Abstract: Background: Endotracheal extubation is one of the frequently performed procedure in the practice of anaesthesia. This study was done to observe the haemodynamic responses during tracheal extubation and to compare the efficacy of IV diltiazem 0.2 mg/kg versus IV lidocaine 1 mg/kg in attenuating the hemodynamic response to tracheal extubation.Methods: 90 patients aged 20 to 60 yrs, belonging to ASA I and II, normotensive were included in the study and they were randomly allocated into 3 groups of 30 each. Group I received normal saline and served as control. Group II received 0.2 mg/kg of IV diltiazem 2 min before extubation. Group III received 1 mg/kg of lidocaine IV 2 min before extubation. At the end of the surgery, heart rate (HR), systolic blood pressure (SBP) and diastolic blood pressure (DBP) were recorded served as base line values.Results: After tracheal extubation, all the haemodynamic parameters increase from the basal level in the control group and decreased in the study group. The change in HR, SBP and DBP were significantly less in group II and group III compared to group I. The change in HR, SBP and DBP were significantly less in group II compared to group III.Conclusions: Diltiazem hydrochloride, a calcium channel blocker belongs to the benzothiazepine group given in dose of 0.2 mg/kg IV 2 min before tracheal extubation in ASA grade I and grade II patients is a simple, effective and practical method of blunting cardiovascular responses to tracheal extubation. This suppressive effect of diltiazem was comparable to or even more potent than that of lignocaine 1 mg/kg IV 2 min before tracheal extubation.
      PubDate: 2020-04-22
      DOI: 10.18203/2349-3259.ijct20201714
      Issue No: Vol. 7, No. 2 (2020)
  • Management of fast breathing pneumonia in young infants aged 7 to 59 days
           by community level health workers: protocol for a multi-centre cluster
           randomized controlled trial

    • Authors: Yasir Bin Nisar
      Pages: 83 - 93
      Abstract: Background: WHO does not recommend community-level health workers (CLHWs) using integrated community case management (iCCM) to treat 7-59 days old infants with fast breathing with oral amoxicillin, whereas World Health Organization (WHO) integrated management of childhood illness (IMCI) recommends it. We want to collect evidence to help harmonization of both protocols.Methods: A cluster, randomized, open-label trial will be conducted in Africa and Asia (Ethiopia, Malawi, Bangladesh and India) using a common protocol with the same study design, inclusion criteria, intervention, comparison, and outcomes to contribute to the overall sample size. This trial will also identify hypoxaemia in young infants with fast breathing. CLHWs will assess infants for fast breathing, which will be confirmed by a study supervisor. Enrolled infants in the intervention clusters will be treated with oral amoxicillin, whereas in the control clusters they will be managed as per existing iCCM protocol. An independent outcome assessor will assess all enrolled infants on days 6 and 14 of enrolment for the study outcomes in both intervention and control clusters. Primary outcome will be clinical treatment failure by day 6. This trial will obtain approval from the WHO and site institutional ethics committees.Conclusions: If the research shows that CLHWs can effectively and safely treat fast breathing pneumonia in 7-59 days old young infants, it will increase access to pneumonia treatment substantially for infants living in communities with poor access to health facilities. Additionally, this evidence will contribute towards the review of the current iCCM protocol and its harmonization with IMCI protocol.Trial Registration: The trial is registered at AZNCTR International Trial Registry as ACTRN12617000857303.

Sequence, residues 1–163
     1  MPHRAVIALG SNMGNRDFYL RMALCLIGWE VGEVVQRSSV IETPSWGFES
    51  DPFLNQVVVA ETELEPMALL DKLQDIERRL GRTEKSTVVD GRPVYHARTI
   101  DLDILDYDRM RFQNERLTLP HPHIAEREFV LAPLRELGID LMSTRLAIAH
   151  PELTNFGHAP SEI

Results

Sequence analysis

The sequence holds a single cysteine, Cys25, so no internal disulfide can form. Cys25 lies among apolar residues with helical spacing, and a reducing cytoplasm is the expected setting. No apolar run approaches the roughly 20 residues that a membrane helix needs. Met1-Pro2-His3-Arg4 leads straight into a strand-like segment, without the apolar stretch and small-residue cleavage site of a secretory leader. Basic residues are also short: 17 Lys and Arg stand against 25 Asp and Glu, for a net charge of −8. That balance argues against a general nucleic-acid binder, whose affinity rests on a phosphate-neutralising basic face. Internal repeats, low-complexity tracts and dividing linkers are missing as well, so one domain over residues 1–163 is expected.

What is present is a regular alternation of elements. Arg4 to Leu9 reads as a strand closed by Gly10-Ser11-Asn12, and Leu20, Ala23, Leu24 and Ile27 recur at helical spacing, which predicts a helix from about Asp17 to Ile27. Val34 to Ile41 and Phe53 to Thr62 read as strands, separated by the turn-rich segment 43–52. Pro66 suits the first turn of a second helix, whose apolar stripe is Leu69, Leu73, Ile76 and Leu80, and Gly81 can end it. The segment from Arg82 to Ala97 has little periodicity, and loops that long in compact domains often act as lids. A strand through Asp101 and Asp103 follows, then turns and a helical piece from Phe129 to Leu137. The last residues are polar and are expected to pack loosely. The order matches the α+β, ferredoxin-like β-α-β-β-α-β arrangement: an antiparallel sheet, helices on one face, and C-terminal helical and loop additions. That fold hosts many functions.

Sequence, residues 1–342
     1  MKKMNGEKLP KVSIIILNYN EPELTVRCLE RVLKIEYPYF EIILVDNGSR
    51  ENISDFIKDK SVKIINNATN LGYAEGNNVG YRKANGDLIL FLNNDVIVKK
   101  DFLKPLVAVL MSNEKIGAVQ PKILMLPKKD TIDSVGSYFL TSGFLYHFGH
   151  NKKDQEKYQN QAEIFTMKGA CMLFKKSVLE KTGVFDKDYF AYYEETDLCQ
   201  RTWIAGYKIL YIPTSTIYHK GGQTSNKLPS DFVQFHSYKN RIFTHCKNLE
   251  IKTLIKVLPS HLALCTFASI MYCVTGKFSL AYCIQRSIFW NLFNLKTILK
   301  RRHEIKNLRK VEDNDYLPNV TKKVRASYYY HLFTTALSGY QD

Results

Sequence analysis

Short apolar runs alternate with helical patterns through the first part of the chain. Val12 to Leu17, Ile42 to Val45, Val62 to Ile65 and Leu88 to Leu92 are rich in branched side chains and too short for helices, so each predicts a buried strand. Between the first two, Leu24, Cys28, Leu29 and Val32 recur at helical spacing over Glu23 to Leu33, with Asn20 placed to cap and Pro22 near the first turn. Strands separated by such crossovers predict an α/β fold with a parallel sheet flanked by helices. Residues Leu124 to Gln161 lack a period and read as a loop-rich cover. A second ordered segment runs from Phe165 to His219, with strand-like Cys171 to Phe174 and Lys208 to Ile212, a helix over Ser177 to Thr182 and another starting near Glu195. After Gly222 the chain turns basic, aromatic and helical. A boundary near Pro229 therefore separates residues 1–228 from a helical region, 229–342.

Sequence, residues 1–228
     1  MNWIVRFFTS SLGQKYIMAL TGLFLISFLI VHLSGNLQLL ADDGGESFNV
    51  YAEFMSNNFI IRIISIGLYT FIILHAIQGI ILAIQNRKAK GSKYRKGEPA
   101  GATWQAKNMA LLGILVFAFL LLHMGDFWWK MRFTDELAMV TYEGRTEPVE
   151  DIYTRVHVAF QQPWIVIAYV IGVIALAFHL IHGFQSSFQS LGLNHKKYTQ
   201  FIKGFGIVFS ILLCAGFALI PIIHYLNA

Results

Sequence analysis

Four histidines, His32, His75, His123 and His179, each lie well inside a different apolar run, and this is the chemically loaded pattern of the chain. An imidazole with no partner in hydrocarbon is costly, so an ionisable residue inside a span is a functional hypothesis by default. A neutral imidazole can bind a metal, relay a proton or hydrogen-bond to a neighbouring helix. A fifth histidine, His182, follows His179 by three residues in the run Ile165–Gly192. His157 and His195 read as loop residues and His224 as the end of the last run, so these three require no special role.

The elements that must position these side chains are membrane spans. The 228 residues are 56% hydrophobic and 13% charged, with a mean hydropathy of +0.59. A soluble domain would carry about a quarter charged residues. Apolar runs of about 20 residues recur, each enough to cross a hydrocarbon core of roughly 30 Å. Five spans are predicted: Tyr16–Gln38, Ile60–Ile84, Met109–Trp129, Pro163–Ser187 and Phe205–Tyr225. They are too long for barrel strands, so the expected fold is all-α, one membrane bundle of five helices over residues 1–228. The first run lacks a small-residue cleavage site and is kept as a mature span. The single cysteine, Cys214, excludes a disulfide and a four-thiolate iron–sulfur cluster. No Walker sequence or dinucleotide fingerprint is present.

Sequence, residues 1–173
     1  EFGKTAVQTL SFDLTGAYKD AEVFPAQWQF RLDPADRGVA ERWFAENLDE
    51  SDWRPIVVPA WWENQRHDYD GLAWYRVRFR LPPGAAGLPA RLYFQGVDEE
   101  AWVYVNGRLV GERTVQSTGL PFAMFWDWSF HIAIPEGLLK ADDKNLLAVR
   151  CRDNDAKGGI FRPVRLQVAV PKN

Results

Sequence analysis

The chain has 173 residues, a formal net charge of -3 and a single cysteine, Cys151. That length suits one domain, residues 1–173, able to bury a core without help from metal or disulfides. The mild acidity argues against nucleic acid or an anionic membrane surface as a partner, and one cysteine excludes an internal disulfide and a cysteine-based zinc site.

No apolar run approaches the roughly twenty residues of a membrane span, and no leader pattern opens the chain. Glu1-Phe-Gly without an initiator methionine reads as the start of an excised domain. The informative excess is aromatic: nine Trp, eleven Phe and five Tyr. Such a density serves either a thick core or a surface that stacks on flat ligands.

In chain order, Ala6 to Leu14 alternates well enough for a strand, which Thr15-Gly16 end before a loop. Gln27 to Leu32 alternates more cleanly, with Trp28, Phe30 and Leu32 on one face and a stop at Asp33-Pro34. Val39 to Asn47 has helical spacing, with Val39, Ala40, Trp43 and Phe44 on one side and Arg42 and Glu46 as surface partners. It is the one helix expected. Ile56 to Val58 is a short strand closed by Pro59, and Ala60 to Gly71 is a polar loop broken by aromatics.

PubDate: 2020-04-22
      DOI: 10.18203/2349-3259.ijct20201715
      Issue No: Vol. 7, No. 2 (2020)
  • Investigation on nutrition status and clinical outcome of patients with
           common cancers in Chinese patients: a multicenter prospective study

    • Authors: Hongxia Xu, Chunhua Song, Chang Wang, Zhenming Fu, Zengqing Guo, Yuan Lin, Yingying Shi, Wen Hu, Yi Ba, Suyi Li, Zengning Li, Kunhua Wang, Jing Wu, Ying He, Jiajun Yang, Conghua Xie, Fuxiang Zhou, Xinxia Song, Gongyan Chen, Wenjun Ma, Suxia Luo, Zihua Chen, Minghua Cong, Hu Ma, Chunling Zhou, Wei Wang, Qi Luo, Yongmei Shi, Yumei Qi, Haiping Jiang, Wenxian Guan, Junqiang Chen, Jiaxin Chen, Yu Fang, Lan Zhou, Yongdong Feng, Rongshao Tan, Tao Li, Junwen Ou, Qingchuan Zhao, Jianxiong Wu, Min Weng, Qinghua Yao, Wei Li, Hanping Shi
      Pages: 94 - 102